Recently, historians and literary scholars have shown renewed interest in commonplace books. Scholars have identified this genre of composition as intensely personal, like a diary. Therefore they have studied such books for insights into the minds of individuals. But what if more than one person contributed to a commonplace book?
This site allows you to explore the seventeenth-century English manuscript, Henry Bellingham's Book. It represents the work of several authors engaging with many subjects, such as political philosophy and science. Although you cannot read it for insights into the mind of Sir Henry Bellingham (its first owner), you can read it for evidence of the "spirit of the times," intellectual life, the circulation of of ideas, and the interaction of manuscript and printed texts in the mid-seventeenth century.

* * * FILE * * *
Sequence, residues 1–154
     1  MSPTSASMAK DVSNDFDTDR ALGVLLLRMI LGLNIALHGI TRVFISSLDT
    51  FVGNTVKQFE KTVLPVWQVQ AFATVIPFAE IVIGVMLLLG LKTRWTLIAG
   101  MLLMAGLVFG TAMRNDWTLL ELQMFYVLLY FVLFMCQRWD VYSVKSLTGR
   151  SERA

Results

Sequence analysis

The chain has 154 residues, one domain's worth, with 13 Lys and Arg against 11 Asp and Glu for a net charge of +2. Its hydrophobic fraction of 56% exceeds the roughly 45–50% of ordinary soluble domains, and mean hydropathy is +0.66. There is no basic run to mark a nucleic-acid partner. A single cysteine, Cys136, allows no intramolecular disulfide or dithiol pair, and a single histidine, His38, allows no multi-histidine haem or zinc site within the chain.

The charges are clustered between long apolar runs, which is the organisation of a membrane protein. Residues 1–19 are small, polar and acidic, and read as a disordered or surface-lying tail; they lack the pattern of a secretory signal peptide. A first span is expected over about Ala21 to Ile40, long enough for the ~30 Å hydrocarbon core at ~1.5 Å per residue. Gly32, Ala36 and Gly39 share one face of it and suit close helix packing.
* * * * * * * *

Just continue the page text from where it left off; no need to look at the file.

What do you think is most important or interesting about this manuscript?